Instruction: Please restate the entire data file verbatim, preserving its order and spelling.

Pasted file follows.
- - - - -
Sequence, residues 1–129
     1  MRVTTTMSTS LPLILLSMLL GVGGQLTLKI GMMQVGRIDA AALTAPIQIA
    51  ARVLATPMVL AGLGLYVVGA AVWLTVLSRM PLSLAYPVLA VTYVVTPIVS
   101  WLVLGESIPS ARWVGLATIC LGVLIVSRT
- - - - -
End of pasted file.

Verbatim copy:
Sequence, residues 1–129
     1  MRVTTTMSTS LPLILLSMLL GVGGQLTLKI GMMQVGRIDA AALTAPIQIA
    51  ARVLATPMVL AGLGLYVVGA AVWLTVLSRM PLSLAYPVLA VTYVVTPIVS
   101  WLVLGESIPS ARWVGLATIC LGVLIVSRT